ANIMAL COMMUNICATION                                    



What is animal communication?


Have you ever wondered how your dog knows when you are coming home, even though it is a different time each day?  Or been amazed at how your cat disappears through the cat flap the minute you have thought about taking her to the vet?  This happens because the thought you have had of coming home or going to the vet produces a feeling and an emotion to which the animals react.Jenny Wren



 Animal communication is a form of non-verbal 

 communication based on tuning into, and

 focussing on, their emotions and feelings.  It can

 be carried out with the animal present or by distant 

 communication with the use of a clear photograph

 showing the animal’s eyes.  This connection to

 their emotions and feelings can help address some

 unexplained behaviour problems and generally

 helps to create a closer bond between animal and

 guardian.  It is a deep connection that goes beyond words, and takes human and animal to a higher level of love and understanding.


How does it work?


Communicating with an animal on an emotional level is a beautiful thing.  Words are not necessary: it is truly a heart and soul connection. 




  For me to communicate with any animal it is

  important that I am working with a totally

  clear, uncluttered mind so that any thoughts,

  emotions and feelings that I feel during the

  communication are coming from the animal

  and not from me.  Ensuring I am completely

  in the present moment, focussing on my

  senses to clear my mind of extraneous

  rubbish, is the first step to a successful

communication.  As with any animal communicator, it is up to me to interpret the non-verbal language that I receive from the animal and relay it to the carer or guardian in an understandable way.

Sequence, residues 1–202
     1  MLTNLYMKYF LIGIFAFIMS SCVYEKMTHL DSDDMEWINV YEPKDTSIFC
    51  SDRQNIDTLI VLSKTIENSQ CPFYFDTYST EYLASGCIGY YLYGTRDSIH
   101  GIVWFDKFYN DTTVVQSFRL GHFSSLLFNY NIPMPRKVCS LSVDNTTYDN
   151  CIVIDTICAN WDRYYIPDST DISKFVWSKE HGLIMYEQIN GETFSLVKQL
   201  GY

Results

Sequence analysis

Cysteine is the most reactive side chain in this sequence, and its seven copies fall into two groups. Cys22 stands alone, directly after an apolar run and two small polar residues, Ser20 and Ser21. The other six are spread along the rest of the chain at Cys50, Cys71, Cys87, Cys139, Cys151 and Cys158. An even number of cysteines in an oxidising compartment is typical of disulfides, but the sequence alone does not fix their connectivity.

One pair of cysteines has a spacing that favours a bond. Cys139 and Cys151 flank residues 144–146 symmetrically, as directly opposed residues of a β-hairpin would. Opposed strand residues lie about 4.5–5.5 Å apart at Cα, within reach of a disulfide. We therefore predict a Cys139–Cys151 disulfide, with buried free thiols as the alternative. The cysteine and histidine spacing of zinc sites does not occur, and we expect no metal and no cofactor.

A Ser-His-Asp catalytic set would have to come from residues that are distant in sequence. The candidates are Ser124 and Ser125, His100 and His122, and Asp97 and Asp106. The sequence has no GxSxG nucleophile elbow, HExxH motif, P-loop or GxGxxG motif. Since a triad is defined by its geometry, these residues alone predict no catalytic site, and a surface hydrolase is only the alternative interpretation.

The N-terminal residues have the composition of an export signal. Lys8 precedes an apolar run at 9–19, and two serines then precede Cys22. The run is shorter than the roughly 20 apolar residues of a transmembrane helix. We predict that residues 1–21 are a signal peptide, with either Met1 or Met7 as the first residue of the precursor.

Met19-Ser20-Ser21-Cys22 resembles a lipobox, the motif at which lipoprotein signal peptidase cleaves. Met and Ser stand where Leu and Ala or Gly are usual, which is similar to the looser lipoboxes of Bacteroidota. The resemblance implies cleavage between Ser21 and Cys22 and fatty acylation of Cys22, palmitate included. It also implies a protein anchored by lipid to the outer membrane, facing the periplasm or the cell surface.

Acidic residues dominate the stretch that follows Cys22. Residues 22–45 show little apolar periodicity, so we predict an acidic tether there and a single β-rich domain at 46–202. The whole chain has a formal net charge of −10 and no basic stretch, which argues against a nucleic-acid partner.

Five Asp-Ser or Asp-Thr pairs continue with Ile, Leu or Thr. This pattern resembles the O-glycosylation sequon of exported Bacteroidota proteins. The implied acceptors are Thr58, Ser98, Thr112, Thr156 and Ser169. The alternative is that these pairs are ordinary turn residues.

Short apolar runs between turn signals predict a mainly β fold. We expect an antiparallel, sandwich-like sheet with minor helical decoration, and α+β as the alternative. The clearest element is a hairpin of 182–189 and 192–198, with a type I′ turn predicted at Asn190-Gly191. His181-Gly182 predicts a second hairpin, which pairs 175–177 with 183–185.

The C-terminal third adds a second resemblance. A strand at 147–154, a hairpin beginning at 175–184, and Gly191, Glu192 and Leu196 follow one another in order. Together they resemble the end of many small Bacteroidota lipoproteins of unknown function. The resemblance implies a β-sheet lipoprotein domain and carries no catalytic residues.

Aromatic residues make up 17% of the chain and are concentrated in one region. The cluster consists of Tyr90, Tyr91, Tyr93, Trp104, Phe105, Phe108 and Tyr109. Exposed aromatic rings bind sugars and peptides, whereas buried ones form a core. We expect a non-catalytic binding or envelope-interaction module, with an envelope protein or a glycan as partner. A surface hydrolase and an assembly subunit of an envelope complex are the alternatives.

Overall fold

How animal communication can benefit both animal and carer


A relationship between a human and an animal is a real gift, and one that can be enhanced and deepened with animal communication.  Just like us, animals have likes and dislikes, fears and emotions; they enjoy playing a part in our lives and want to share in our joy and comfort us when we are down.   So it is only fair for us to make that deeper connection with them to try and make the bond even closer.  After all, when we get to know human friends and partners, we want to know everything about them – so why should it be any different with our animals?



Animal communication can also help address some unexplained behaviour problems that may stem from deep-rooted emotional issues from an earlier time in their lives.  Understanding these issues and helping the animal through them can make a real difference to the animal’s quality of life, and bring harmony back into the home.


Passing over




  When the time is approaching to part with a

  much-loved friend after you have many years

  spent sharing experiences, animal healing can

  help to lessen some of the animal’s emotions

  that will be surfacing at that time.  However,

  animal communication will also often bring clarity

  for both animal and human, and help them to be

  as close as they can be before the final goodbye.

  Being able to understand what each other is going

  through at this traumatic and intensely sensitive

  time, can help to allay some fears and gently guide both animal and human through

  this transitional phase.




Animals that have passed over 


Just as mediums and psychics can communicate with deceased humans, it is possible to communicate with animals that have passed into spirit.  This can bring much comfort to humans who are left bereft after their beloved pet has passed over.  All that is required is a photograph of the animal clearly showing the eyes.  It is advisable to wait for at least two weeks after the animal has passed before trying to connect with them.  A communication with a deceased animal is different in many ways to communication with a living animal, but one that can benefit both animal and human, and help them to be reconciled to what has happened.